What parents need to know
Parents Need to Know
Parents need to know that even though one of the main characters in this film is an 11-year-old girl (played by popular tween star AnnaSophia Robb, at that), it has decidedly mature themes. The girl's mother clearly loves her but is deeply troubled: She swears at her daughter, removes her from her bedroom so she can use it to tryst with her boyfriend, and even abandons her. (She does somewhat redeem herself in the end.) The girl is, unsurprisingly, deeply affected by it all -- she swears and smokes, is wracked with insecurity, and trusts virtually no one. Later, she witnesses and is subjected to harsh violence. There's also a passing reference to drug use (Joleen's boyfriend goes to jail for growing pot), drinking, and strong language throughout.
What's the story?
After his sister Joleen's (Charlize Theron) boyfriend is hauled off to jail -- leaving her and her daughter, Tara (AnnaSophia Robb), homeless -- James (Nick Stahl) doesn't have much choice but to take them in. But then Joleen takes off, leaving James to care for Tara, even though he's barely able to care for himself. He tries, learning to drive a car so he can take her to school (even though it makes him late for work) and skipping his construction job altogether when she wants to search for her mom. But he soon gets fired for his absences, is evicted from his apartment, and loses Tara to social services. Hoping to make things right, he whisks her away from foster care back to the farm where he and Joleen grew up. Instead of being an escape, however, his homecoming reminds him all-too-painfully of why he and Joleen turned out so lost. Faced with the possibility of his forbidding father (Dennis Hopper) ruining Tara, too, Nick is forced to make an explosive, yet strangely freeing, decision.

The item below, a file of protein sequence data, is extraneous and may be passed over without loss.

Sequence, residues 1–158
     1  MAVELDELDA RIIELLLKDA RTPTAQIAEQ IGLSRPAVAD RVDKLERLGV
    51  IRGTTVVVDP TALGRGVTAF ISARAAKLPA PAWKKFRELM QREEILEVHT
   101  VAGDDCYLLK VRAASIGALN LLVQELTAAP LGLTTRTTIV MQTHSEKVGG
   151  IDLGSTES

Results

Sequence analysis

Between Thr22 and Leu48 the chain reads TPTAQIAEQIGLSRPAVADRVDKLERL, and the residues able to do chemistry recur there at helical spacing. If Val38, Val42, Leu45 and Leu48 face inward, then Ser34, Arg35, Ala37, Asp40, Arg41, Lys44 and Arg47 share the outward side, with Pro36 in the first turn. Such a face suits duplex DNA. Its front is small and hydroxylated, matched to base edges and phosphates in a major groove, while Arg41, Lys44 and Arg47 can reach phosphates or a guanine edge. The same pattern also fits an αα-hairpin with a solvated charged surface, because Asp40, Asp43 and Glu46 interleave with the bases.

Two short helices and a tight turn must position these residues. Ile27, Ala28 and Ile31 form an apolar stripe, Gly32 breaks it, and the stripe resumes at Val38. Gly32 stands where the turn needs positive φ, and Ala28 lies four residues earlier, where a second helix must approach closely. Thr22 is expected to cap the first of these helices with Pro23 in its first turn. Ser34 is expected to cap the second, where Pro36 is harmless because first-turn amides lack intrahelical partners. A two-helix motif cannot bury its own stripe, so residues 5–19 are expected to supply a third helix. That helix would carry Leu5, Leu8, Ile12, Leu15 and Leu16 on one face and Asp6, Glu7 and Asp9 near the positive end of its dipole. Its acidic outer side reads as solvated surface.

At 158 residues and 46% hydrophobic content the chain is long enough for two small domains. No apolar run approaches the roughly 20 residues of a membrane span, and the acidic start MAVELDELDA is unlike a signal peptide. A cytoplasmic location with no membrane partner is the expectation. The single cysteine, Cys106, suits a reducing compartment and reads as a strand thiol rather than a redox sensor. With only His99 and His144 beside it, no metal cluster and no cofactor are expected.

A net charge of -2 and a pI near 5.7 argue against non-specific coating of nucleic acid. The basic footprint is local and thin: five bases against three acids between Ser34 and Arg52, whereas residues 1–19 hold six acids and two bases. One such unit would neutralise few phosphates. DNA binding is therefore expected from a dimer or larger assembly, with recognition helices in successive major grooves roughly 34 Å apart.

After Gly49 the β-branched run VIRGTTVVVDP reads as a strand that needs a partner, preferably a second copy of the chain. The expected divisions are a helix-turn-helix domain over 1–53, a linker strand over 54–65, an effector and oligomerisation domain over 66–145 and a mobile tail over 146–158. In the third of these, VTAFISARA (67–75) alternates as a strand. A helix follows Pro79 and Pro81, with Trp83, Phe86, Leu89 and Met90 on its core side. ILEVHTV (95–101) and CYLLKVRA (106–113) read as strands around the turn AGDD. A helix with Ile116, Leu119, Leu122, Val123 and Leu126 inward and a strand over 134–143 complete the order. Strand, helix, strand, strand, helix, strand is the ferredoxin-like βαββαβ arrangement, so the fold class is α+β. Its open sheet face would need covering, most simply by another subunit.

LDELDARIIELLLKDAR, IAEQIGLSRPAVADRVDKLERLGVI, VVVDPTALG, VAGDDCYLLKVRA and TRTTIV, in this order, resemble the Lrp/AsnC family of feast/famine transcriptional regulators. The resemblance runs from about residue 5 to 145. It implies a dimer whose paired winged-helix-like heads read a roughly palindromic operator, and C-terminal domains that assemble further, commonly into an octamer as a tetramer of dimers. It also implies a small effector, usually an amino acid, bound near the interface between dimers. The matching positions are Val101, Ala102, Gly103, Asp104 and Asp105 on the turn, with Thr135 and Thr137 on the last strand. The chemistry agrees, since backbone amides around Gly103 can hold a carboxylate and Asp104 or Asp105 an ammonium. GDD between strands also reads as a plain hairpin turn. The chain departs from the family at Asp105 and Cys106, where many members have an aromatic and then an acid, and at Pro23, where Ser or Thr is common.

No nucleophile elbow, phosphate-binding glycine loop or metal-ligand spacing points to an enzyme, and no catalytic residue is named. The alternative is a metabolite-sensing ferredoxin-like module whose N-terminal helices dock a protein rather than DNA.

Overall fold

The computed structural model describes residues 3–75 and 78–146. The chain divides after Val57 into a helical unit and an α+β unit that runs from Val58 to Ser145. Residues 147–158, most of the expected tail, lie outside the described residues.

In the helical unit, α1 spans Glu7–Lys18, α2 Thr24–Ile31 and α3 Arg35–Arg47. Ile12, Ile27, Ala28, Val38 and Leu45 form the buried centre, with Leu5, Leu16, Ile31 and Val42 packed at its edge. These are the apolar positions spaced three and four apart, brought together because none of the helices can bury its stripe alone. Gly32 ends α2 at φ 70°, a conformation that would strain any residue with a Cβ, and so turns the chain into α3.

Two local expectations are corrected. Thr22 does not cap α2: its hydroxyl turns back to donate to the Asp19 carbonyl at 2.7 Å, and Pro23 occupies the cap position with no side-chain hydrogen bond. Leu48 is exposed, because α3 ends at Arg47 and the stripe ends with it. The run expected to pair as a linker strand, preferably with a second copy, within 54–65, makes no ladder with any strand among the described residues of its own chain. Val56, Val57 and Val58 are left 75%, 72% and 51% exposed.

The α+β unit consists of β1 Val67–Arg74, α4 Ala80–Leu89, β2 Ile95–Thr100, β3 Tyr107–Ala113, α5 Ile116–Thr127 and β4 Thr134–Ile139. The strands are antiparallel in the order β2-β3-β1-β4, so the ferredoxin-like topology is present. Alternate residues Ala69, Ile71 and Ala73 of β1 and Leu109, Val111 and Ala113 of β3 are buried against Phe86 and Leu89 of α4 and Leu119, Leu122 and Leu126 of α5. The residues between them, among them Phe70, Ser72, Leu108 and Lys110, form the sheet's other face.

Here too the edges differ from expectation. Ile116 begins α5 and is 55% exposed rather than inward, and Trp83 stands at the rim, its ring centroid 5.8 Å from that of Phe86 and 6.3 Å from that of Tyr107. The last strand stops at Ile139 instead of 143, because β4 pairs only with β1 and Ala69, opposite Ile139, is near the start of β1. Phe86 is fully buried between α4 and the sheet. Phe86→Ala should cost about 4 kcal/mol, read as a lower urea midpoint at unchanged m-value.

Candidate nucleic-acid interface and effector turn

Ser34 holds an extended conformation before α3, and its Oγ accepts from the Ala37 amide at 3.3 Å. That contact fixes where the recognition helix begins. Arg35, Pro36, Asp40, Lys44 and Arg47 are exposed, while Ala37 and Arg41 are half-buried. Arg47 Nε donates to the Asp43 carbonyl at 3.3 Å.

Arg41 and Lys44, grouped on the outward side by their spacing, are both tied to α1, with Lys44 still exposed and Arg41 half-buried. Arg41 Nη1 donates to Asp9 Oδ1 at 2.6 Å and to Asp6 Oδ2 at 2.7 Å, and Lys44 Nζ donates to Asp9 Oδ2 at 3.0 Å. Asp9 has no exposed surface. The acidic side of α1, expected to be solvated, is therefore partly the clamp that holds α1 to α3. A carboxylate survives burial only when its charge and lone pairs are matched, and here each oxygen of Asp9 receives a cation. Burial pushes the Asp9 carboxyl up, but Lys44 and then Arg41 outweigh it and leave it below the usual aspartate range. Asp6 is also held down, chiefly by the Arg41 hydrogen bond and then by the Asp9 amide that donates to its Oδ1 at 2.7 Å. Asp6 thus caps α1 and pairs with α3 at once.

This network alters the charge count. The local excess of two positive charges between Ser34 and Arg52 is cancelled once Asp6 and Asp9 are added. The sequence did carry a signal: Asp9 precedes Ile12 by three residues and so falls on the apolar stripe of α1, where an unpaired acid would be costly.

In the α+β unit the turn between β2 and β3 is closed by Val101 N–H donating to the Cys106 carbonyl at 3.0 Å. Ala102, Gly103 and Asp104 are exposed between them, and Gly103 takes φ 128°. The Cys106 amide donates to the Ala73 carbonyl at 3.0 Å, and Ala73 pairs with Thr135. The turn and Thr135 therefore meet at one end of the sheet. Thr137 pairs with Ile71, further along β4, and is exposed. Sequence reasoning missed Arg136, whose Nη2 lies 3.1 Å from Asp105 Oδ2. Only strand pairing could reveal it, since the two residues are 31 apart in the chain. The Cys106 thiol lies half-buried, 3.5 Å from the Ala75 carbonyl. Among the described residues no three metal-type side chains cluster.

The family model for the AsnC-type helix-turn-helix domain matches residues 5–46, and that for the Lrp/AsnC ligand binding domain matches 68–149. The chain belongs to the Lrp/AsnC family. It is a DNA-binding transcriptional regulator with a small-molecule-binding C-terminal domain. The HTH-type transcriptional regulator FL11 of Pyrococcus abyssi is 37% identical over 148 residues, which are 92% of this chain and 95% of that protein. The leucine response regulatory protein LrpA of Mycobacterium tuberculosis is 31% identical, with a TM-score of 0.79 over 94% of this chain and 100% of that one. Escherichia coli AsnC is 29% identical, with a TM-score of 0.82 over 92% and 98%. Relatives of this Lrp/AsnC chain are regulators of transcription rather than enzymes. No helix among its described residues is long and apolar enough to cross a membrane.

Is it any good?
Once in a while you come across a film that means so well you wish it nothing but success. SLEEPWALKING is that kind of movie. Its story and lead actors are as earnest as they can be. Stahl is especially haunting, particularly in a scene in which he lies on the floor of a basement, crying, and Robb is mature beyond her years, as befits the role.
But, sadly, the movie fails, unable to capitalize on its generally strong performances. (Theron, who also produced the film, is the exception here -- but even she isn't horrible so much as overdone.) Scenes flow from one to the next with no real energy. In short? The title is a dead giveaway.
Families can talk about...
Families can talk about how "bad" parents are depicted in movies. Why are there so many films about moms and dads who don't seem suited to the job? Do you think the way they're characterized is realistic? What makes someone a "good" or "bad" parent? How does Joleen handle motherhood? Is it clear in the beginning that her child matters to her the most? Does she change in the end, or is James a more suitable parent, despite what happens?